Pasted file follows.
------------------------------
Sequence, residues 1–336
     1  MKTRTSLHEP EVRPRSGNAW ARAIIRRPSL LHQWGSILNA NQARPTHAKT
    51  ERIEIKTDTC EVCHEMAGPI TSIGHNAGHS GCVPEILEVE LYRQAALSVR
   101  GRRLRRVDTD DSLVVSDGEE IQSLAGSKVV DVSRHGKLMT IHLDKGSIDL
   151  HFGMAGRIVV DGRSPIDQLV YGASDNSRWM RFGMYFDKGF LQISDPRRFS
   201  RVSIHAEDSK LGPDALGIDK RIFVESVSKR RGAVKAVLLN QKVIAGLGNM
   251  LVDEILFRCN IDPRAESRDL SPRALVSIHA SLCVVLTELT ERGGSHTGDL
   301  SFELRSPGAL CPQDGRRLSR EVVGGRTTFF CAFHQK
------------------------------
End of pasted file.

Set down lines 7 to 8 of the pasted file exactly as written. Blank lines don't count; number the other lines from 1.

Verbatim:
   251  LVDEILFRCN IDPRAESRDL SPRALVSIHA SLCVVLTELT ERGGSHTGDL
   301  SFELRSPGAL CPQDGRRLSR EVVGGRTTFF CAFHQK